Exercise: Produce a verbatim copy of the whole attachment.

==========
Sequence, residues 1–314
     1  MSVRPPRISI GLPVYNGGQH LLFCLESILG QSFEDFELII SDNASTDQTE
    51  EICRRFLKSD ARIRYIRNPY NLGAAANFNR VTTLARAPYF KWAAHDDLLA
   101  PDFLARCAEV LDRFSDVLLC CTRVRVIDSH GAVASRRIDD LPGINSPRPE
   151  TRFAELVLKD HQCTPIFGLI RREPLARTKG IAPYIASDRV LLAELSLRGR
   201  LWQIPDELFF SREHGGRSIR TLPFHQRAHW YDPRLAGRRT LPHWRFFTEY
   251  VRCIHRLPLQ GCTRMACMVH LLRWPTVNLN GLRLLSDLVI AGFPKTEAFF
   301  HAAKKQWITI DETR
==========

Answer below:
Sequence, residues 1–314
     1  MSVRPPRISI GLPVYNGGQH LLFCLESILG QSFEDFELII SDNASTDQTE
    51  EICRRFLKSD ARIRYIRNPY NLGAAANFNR VTTLARAPYF KWAAHDDLLA
   101  PDFLARCAEV LDRFSDVLLC CTRVRVIDSH GAVASRRIDD LPGINSPRPE
   151  TRFAELVLKD HQCTPIFGLI RREPLARTKG IAPYIASDRV LLAELSLRGR
   201  LWQIPDELFF SREHGGRSIR TLPFHQRAHW YDPRLAGRRT LPHWRFFTEY
   251  VRCIHRLPLQ GCTRMACMVH LLRWPTVNLN GLRLLSDLVI AGFPKTEAFF
   301  HAAKKQWITI DETR